When one of the concerts opened in the theater, the interior of the theater was decorated with greenery, and the theater was darkened, and when the music began, accompanied by the voices of the singers, it was as if the scene then was the coming of light at the break of dawn; and the audience held their breath when Aloha Oe was sung, as the instruments played along. Continue reading

Books to teach Maori English arrive, 1878.

Maori Books.

We return our hearty thanks to a Brother Editor of the New Zealand Press for some nice Maori books forwarded by last mail. They are destined for the instruction of the Maoris in the English language. The Maori title of one of these books is:—He Akoranga i te reo Ingarihi mo te kura Maori, or, “Lessons in the English Language for Maori Schools.” Published at Wellington “by authority” by George Didsbury, Government Printer. Continue reading

Bags to ship sugar to be woven of lauhala or akaakai? 1873.

Wanted.

Here is something that is much sought after by the producers of sugar. Bags that are woven with strips [ko-ana] of bulrush [akaakai] or lauahala perhaps, to put brown sugar [ko-paa eleele] in and ship to Australia or America. The previous week, a schooner brought 15,000 bags of this type from New Zealand, and the haole traders greatly appreciated them. The length of the bags are 33 inches, and 17 inches wide. If bags like these are woven here at a reasonable price, and a thousand are made, they will be sold out in a year. Continue reading

Peter Buck to become an American citizen, 1943.

Resolution Approved

Before the session of the legislature of 1943 was postponed, the house of representatives approved a resolution asking Congress [Ahaolelo Lahui] to pass a special law to naturalize Peter Henry Buck, and make him an American citizen.

Dr. Buck is 62 years old now, and he is the director of the Bishop Museum of Honolulu, and he is a kamaaina to all the people he meets.

This resolution clarifies that Dr. Buck is English, however he is half haole and half another ethnicity, but it is appropriate that he be naturalized as an American citizen, but he cannot become a citizen under the current laws.

Dr. Buck is restricted from becoming a citizen because of the Maori blood flowing through him, and the law states that those who are able to become citizens a whites and descendants of African people.

If this resolution reaches or is received by the senate, and should they approve this request of our local legislature, and they pass a special law to allow this man to become an American citizen, then this man will indeed become a citizen and he will be able to vote like we do.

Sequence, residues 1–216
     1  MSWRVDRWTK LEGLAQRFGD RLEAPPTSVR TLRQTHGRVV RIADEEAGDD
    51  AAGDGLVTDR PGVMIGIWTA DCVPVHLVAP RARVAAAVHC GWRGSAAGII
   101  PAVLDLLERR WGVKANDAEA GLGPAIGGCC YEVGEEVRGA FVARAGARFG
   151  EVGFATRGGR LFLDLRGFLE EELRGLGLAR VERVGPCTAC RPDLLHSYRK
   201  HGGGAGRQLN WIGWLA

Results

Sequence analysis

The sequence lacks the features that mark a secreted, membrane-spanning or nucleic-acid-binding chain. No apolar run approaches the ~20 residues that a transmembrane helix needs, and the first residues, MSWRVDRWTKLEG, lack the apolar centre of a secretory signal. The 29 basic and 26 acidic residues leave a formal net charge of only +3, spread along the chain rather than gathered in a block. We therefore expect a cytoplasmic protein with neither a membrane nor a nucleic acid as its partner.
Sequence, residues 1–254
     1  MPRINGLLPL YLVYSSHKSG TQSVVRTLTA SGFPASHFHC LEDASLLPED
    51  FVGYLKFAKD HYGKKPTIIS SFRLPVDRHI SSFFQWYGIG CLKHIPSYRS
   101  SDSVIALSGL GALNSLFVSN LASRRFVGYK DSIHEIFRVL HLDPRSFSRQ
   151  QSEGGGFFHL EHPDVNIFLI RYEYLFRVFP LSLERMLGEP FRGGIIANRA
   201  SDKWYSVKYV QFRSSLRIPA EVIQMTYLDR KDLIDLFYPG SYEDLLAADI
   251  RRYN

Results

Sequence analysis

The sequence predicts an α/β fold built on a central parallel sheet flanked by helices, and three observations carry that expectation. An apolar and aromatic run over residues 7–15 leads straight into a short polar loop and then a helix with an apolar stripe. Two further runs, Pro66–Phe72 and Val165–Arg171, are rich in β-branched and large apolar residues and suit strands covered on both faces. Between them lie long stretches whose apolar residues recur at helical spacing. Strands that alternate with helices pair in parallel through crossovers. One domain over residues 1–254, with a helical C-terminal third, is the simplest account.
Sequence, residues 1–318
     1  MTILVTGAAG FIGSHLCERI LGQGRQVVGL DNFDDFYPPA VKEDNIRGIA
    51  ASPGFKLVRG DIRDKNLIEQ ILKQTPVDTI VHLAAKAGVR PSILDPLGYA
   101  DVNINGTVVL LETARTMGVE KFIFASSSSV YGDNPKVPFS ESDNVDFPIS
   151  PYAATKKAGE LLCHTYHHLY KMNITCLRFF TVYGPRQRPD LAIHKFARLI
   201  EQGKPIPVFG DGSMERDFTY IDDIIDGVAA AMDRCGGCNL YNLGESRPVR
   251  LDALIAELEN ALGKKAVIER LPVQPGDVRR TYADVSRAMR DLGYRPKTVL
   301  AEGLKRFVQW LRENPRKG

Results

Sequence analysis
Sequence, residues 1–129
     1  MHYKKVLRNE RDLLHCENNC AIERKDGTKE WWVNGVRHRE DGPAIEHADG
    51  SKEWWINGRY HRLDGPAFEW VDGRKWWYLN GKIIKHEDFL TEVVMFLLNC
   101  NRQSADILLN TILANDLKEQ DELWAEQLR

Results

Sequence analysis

(Hoku o Hawaii, 5/5/1943, p. 1)

Apono I Olelo Hooholo

Ka Hoku o Hawaii, Volume XXXVIII, Number 2, Aoao 1. Mei 5, 1943.

The Maori and Hawaiians, 1911.

Hawaiians and Maori Talk to Each Other.

In a letter sent by Ernest Kaai from New Zealand to H. P. Wood of the Hawaiian Promotion Committee [which seems to be a precursor to the visitor’s bureau], he shows the progress of their musical touring of Australia and New Zealand. The Hawaiians could hear the Maori language and the Maori could hear the language of Hawaii.

Kaai said that when they went to some villages, they were hosted by Maori people, where one of them said words of welcome and friendship in their mother tongue. But the Hawaiians understood what was being said.

From the side of the musicians, Mr. Kaai stood and gave [rest of the paragraph unclear].

It was not long ago that [also unclear here, but they seem to be talking about the relationship between Aotearoa and Hawaii].

Everywhere that Kaai and his musical group went, the theaters would be filled with them.

When this letter was written, the number of places that Kaai them performed at was about 21, with them going around Australia and reaching New Zealand[?]

[A great deal of the Hawaiian Language Newspapers are bound into book form, and because they were purposely printed without much empty margins, often the printed portions that fall in the margin area of the books are not legible, especially when scanned. To get a clear image of the entire page, the books will have to be unbound first. That, it seems, takes a great amount of funding.]

(Kuokoa, 6/30/1911, p. 8)

KAMAILIO PU NA HAWAII ME NA MAORI.

Ka Nupepa Kuokoa, Buke XLVII, Helu 26, Aoao 8. Iune 30, 1911.